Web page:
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Polyvinyl butyral - special polymer with useful properties

Polyvinyl butyral

Polyvinyl butyral (PVB) is a special polymer with a wide range of applications. It can be found in many different paints, coatings and adhesives.

Thanks to its many useful properties, it can act as a binder for coatings, primers, metal powder or ceramic as well as an interlayer film in laminated safety glass.

Featuring excellent adhesion and film-forming properties, polyvinyl butyral has already established itself as an essential chemical in the industry. With an international network of reliable manufacturers, TER Chemicals is a trusted supplier and distributor of a wide range of high-performance polymers, resins and other specialty chemicals for applications such as coatings, printing,  adhesives and laminated safety glass.

Polyvinyl butyral is synthesized by the acetylation of polyvinyl alcohol with butyraldehyde (also known as butanal). The chemical belongs to the polyvinyl acetal family.

Polyvinyl alcohol itself is produced through the hydrolysis of polyvinyl acetate. Some of the acetyl groups remain intact after this reaction. These residual acetyl groups determine how well the substance dissolves in other chemicals. A low degree of acetylation will result in high water solubility, whereas a high degree of acetylation will promote the chemical's ability to dissolve in alcohol.

When it comes to polyvinyl butyral interlayers for laminated glass, complete functionalization (80 percent) is undesirable because unreacted hydroxyl (OH) groups facilitate adhesion to glass surfaces.

Polyvinyl butyral, CAS No. 63148-65-2, is a synthetic polymer that is part of the polyvinyl acetal family. It is manufactured and processed using thermoplastic methods. That is why it appears as a fine, free-flowing white powder. The properties of polyvinyl butyral resins vary according to their degree of acetylation and molecular weight. 

Their strength and elasticity depend on their molecular weight, for example. In contrast, their water absorption capacity and solubility in non-polar solvents are determined by their degree of acetylation. Nevertheless, in general, polyvinyl butyral resins are highly compatible with organic solvents and other polymers.

All types of polyvinyl butyral have a few things in common: They can dissolve in almost all organic solvents and are compatible with plasticizers and other resins. Furthermore, they have good light resistance and are heat-sealable at temperatures in excess of 120 degrees Celsius.

The related benefits of polyvinyl butyral at a glance:

  • Excellent adhesive and film-forming properties
  • High water resistance
  • Optical clarity
  • High bond strength
  • Good elasticity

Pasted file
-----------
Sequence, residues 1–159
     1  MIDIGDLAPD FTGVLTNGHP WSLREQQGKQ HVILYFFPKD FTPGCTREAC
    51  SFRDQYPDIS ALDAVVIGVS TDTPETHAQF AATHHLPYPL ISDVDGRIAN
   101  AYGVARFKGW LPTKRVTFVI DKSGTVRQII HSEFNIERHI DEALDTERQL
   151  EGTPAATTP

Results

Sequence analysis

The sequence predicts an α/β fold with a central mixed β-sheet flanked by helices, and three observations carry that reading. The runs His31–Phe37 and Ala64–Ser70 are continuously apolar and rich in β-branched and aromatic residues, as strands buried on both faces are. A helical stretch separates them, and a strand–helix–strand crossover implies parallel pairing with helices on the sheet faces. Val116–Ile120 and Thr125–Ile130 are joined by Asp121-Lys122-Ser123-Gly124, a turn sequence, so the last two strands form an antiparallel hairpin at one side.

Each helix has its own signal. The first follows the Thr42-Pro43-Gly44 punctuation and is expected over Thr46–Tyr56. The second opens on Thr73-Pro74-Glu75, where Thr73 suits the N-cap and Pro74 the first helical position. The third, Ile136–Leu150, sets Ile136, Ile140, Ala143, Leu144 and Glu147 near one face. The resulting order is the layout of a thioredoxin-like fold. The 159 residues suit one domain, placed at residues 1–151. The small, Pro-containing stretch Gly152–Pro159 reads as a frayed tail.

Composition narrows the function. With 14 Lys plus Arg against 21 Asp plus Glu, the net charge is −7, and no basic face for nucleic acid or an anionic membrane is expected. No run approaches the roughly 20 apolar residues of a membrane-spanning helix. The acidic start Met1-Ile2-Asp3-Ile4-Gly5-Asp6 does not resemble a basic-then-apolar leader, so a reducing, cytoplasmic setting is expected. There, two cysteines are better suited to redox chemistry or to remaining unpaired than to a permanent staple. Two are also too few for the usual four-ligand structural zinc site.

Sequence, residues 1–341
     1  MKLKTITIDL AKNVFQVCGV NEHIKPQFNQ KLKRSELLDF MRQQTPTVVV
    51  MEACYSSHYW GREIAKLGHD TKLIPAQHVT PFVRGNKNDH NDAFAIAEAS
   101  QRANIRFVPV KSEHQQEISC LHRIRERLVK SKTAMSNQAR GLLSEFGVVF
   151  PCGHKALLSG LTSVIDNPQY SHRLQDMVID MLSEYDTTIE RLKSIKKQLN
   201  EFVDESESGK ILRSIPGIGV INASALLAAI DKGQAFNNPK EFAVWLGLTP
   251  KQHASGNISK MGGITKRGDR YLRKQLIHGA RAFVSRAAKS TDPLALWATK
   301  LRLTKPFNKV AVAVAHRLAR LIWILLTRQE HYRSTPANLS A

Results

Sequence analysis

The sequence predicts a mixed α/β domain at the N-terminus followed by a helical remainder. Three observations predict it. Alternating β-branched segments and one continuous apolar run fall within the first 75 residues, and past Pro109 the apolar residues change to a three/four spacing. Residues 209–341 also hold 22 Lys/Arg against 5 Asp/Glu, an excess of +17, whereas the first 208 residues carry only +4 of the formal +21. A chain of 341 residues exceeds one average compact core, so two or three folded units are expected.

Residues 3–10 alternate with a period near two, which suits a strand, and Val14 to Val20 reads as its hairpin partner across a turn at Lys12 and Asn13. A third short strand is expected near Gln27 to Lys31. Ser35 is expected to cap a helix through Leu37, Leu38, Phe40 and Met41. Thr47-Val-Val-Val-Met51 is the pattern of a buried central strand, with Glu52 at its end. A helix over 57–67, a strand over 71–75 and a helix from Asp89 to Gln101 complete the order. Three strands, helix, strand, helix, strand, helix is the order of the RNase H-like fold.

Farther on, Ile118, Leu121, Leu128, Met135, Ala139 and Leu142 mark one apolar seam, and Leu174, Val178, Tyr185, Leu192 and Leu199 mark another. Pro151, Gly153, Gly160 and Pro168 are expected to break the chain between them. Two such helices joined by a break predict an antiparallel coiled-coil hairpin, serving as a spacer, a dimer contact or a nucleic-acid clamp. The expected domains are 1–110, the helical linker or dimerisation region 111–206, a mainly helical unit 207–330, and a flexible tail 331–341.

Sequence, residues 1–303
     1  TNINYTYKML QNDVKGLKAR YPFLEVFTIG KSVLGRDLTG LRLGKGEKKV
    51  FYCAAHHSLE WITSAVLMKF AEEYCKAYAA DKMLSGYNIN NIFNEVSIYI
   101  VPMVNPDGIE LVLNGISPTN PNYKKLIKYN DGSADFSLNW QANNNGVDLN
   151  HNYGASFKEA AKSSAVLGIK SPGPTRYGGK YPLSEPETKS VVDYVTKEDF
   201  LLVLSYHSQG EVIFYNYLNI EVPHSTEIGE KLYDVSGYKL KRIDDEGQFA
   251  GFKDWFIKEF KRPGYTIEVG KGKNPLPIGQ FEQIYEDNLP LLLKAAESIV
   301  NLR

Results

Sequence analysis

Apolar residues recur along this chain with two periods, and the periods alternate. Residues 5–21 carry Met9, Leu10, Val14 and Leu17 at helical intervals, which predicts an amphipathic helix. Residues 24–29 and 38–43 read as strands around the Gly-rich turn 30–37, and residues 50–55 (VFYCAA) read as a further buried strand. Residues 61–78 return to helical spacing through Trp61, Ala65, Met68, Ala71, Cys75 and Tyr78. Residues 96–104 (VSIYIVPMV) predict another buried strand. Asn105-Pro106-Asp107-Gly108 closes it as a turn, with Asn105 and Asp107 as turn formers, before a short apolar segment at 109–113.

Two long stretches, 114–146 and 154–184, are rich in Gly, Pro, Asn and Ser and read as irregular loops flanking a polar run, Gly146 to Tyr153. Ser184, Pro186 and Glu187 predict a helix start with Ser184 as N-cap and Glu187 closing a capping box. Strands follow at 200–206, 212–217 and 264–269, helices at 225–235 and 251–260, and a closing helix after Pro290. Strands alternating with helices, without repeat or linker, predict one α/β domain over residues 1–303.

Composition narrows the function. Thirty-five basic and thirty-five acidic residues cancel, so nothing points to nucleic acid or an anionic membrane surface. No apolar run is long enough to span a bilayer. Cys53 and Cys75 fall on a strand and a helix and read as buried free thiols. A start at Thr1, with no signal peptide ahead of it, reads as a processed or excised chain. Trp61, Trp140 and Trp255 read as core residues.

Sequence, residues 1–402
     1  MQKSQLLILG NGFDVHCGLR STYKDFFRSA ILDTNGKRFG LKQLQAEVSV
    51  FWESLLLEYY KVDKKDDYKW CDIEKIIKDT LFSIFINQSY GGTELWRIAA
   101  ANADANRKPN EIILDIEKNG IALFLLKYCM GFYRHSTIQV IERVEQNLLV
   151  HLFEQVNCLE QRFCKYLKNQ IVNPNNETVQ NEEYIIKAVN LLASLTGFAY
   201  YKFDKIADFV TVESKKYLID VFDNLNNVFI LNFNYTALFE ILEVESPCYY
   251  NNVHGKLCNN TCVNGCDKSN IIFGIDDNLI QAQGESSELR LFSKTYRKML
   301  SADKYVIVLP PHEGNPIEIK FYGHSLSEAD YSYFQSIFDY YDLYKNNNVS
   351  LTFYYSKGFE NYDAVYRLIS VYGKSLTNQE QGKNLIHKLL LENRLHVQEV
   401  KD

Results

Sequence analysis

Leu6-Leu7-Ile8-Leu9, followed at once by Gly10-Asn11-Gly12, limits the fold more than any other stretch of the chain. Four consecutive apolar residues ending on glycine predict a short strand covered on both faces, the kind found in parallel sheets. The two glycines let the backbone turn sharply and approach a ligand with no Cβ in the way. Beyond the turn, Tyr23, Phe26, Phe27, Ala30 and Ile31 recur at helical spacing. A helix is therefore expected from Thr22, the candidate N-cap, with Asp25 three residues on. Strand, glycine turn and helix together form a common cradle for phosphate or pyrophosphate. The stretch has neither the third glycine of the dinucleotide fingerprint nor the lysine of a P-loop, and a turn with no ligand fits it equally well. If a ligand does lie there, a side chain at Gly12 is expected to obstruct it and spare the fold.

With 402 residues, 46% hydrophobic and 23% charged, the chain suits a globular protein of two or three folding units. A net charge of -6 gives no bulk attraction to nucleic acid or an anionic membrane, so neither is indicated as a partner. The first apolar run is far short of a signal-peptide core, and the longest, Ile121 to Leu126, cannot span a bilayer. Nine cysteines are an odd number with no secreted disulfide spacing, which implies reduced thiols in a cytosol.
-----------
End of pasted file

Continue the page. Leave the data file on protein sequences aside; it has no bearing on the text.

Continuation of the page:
• Exceptional processability 

These properties make the chemical a popular binder and hot-melt adhesive in many applications.

Industries

Polyvinyl butyrals offer excellent properties in the following applications:

  • Primers and coatings
  • Printing inks for packaging
  • Films for laminated safety glass
  • Binder for ceramics and metal powder 
  • Adhesives
  • Coatings for retro-reflective traffic signs and road markings
  • Binder for many special applications
  • Use in thermoplastic applications

One major application of polyvinyl butyral is as a hot-melt adhesive to bind glass panels together for use in windows and other applications. Due to its extremely high tensile strength and ability to bind glass splinters, polyvinyl butyral is commonly used as an interlayer film in laminated safety glass.

For instance, the polymer layer between the glass panels of a windshield is made of polyvinyl butyral most of the time.

Because this compound is able to adhere very well to glass, it is perfect for bonding glass panels together or to other materials. Polyvinyl butyral can be applied as a solution or in a molten state.

The manufacture of laminated glass involves bonding sheets of glass together using polyvinyl butyral resin, plasticizers and other substances. This process takes place under high heat and pressure.

Polyvinyl butyral resins are also commonly used as binders in inks, paints and primers. Regardless of the application, polyvinyl butyral is able to adhere exceptionally well to virtually any materials due to its excellent bonding properties.

Their optical clarity and excellent adhesive and film-forming properties make polyvinyl butyral resins a truly versatile ingredient in adhesion primers, anti-corrosion primers, stove enamel and glazes.

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Alexander Sielmann

Alexander Sielmann

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